<> As indicated in Map 2, True the Vote has been able to attract the highest levels of volunteers in areas of the state with the highest levels of African American population. Of the twenty-five counties with the highest level of African American population in the state, True the Vote has volunteers in twenty-four of them. By contrast, of the ten counties with the two lowest levels of African American population (0-167 and 167-810), True the Vote has only one volunteer in two different counties.


 Map 2 – True the Vote Volunteers and the African American Population



True the Vote also has recruits in nine of the ten North Carolina counties with the highest Hispanic or Latino ancestry population. By contrast, True the Vote only has recruits in 4 of the twenty-five least Latino populated counties.

Map 3 – True the Vote NC Volunteers and the Latino Population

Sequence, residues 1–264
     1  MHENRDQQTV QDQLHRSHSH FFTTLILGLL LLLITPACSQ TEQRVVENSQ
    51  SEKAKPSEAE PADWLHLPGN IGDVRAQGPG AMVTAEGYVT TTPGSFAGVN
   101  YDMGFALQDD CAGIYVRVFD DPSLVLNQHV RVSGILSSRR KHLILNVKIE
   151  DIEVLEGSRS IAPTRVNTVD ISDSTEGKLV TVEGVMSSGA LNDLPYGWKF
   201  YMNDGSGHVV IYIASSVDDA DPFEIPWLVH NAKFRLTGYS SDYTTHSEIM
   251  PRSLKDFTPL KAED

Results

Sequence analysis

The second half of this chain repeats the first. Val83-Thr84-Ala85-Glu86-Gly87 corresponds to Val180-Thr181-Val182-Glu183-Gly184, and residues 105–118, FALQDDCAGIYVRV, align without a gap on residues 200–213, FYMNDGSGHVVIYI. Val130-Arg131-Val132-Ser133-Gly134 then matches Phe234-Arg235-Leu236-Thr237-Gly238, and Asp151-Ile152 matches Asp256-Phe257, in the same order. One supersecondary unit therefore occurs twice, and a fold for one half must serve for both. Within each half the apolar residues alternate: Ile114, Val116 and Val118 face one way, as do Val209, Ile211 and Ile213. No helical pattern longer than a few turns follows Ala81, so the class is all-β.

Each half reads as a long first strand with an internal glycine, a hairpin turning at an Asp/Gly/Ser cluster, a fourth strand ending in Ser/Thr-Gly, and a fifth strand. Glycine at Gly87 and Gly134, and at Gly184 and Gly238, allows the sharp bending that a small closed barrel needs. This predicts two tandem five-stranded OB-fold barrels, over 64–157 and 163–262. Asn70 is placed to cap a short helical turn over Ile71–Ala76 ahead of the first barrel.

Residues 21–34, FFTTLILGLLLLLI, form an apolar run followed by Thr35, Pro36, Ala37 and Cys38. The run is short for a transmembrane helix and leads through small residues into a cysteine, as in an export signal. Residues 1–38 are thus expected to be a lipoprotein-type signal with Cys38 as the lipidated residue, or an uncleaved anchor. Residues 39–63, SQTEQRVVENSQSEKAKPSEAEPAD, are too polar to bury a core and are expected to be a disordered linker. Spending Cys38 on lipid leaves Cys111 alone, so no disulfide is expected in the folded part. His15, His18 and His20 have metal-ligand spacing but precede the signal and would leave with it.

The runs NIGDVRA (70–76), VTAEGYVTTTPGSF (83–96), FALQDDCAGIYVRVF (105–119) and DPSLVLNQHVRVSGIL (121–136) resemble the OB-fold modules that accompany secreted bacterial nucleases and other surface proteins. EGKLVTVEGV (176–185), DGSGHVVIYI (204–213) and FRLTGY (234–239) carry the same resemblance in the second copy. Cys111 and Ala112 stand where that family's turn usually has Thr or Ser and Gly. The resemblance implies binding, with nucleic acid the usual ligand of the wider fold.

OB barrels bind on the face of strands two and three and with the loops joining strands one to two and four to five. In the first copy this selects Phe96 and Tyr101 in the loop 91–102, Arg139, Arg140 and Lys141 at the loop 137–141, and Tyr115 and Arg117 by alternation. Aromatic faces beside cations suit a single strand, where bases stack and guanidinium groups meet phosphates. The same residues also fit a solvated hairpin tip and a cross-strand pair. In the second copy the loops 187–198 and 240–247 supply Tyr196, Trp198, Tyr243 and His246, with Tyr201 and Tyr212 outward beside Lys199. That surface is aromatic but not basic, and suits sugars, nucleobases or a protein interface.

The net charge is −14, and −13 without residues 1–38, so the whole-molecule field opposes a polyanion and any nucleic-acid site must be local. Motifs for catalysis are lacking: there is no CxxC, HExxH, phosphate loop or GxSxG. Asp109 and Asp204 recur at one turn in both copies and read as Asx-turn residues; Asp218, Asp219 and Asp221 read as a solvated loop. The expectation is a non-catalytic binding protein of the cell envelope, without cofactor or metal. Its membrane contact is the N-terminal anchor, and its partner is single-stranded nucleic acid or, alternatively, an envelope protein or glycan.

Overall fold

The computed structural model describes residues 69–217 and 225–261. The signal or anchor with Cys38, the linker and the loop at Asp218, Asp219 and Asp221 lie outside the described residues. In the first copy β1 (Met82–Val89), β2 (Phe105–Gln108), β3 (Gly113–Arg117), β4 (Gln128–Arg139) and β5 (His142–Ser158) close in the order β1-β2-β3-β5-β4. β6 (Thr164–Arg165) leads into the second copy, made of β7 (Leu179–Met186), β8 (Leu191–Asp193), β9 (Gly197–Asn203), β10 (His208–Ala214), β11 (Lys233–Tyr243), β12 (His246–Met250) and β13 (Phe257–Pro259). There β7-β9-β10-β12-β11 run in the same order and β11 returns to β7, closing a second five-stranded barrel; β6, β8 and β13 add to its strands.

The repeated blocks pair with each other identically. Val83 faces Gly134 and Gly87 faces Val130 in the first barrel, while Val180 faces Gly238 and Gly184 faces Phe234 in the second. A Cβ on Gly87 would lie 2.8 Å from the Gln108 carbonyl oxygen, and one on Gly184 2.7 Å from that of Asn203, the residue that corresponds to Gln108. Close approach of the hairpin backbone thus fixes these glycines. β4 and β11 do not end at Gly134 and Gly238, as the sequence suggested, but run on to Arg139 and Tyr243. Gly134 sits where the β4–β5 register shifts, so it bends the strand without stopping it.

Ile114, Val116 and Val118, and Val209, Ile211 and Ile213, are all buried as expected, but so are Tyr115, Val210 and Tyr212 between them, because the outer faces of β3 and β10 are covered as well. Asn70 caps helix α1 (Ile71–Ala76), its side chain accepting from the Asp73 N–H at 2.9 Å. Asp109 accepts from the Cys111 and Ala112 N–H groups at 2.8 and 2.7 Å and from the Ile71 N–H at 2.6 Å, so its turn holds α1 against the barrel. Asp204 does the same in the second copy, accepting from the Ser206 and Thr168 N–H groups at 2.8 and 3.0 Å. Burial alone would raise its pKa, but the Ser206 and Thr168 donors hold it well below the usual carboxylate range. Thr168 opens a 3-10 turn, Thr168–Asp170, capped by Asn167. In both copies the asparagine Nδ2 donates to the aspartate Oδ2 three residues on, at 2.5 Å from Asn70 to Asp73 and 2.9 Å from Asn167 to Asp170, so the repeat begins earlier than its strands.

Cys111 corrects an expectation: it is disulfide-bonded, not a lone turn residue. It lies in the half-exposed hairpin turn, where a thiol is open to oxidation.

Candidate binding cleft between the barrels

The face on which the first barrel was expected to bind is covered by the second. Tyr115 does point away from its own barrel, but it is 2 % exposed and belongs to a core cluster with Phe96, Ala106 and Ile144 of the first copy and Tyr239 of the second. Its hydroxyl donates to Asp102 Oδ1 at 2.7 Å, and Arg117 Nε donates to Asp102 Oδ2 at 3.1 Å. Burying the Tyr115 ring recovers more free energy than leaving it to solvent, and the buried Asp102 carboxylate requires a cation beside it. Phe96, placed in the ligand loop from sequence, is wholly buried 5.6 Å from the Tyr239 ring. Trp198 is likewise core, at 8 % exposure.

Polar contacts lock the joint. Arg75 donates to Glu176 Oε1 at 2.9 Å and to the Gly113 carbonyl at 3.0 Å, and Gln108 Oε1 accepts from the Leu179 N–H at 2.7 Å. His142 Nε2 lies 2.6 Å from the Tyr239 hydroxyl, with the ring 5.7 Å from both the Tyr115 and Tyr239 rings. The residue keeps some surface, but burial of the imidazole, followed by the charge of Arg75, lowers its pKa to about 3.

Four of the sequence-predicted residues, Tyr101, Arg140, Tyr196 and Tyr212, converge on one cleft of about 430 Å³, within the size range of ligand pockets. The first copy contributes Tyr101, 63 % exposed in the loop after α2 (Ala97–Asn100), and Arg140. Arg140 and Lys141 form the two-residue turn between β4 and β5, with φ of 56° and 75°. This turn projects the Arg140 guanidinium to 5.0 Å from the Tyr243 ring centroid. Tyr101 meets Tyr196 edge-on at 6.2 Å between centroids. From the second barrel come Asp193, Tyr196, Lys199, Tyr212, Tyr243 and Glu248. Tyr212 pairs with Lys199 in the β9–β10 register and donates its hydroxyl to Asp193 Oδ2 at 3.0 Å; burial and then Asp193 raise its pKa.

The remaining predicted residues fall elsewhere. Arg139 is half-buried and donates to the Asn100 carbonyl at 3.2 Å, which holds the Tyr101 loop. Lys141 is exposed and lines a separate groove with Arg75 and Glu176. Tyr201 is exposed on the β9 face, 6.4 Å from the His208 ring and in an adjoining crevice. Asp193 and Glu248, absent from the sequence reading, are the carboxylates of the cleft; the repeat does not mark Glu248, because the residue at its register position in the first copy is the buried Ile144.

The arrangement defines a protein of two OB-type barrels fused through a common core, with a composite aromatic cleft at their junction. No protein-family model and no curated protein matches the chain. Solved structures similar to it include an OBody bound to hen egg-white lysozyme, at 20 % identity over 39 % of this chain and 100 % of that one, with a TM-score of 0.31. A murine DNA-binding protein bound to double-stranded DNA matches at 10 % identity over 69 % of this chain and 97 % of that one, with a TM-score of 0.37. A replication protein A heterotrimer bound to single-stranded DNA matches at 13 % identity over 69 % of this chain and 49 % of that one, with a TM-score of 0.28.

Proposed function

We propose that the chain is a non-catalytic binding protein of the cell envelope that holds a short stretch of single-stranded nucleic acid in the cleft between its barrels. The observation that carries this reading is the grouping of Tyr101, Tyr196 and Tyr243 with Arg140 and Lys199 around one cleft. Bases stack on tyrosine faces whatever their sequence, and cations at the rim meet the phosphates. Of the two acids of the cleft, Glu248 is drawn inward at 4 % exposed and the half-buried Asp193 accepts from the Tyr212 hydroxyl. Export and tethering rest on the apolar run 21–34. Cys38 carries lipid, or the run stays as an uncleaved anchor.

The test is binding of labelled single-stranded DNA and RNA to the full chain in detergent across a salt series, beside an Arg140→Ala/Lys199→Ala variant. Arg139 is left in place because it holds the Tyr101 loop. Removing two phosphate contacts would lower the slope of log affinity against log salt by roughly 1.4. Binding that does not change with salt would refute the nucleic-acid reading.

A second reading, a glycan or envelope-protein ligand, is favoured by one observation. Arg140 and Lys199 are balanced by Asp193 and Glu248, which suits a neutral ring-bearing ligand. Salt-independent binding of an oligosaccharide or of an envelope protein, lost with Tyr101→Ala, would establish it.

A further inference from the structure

Of the 286 True the Vote volunteers in North Carolina, IREHR has identified thirty percent of them that are members of at least one of the national Tea Party factions. For instance, Linda Harper of Goldsboro, North Carolina, is a member of FreedomWorks, Patriot Action Network, Tea Party Nation, and Tea Party Patriots. She's also President of Citizens for Constitutional Liberties, AKA the Wayne County Tea Party.  Many of the volunteers are also members of one or more of the different local Tea Party groups in the state. For instance, Debbie Arceneaux of Mill Spring, an activist with 9.12 Project Polk Co NC as well as being involved with the Haywood County 9-12 project and Triangle Conservatives Unite!, in addition to being a member of  FreedomWorks, Patriot Action Network, Tea Party Nation, and Tea Party Patriots.[29] And volunteer Laurie McBroom, of Indian Trail, NC openly supported nativist Arizona Sheriff Joe Arpiao - "hang in there Joe, you are an American HERO!"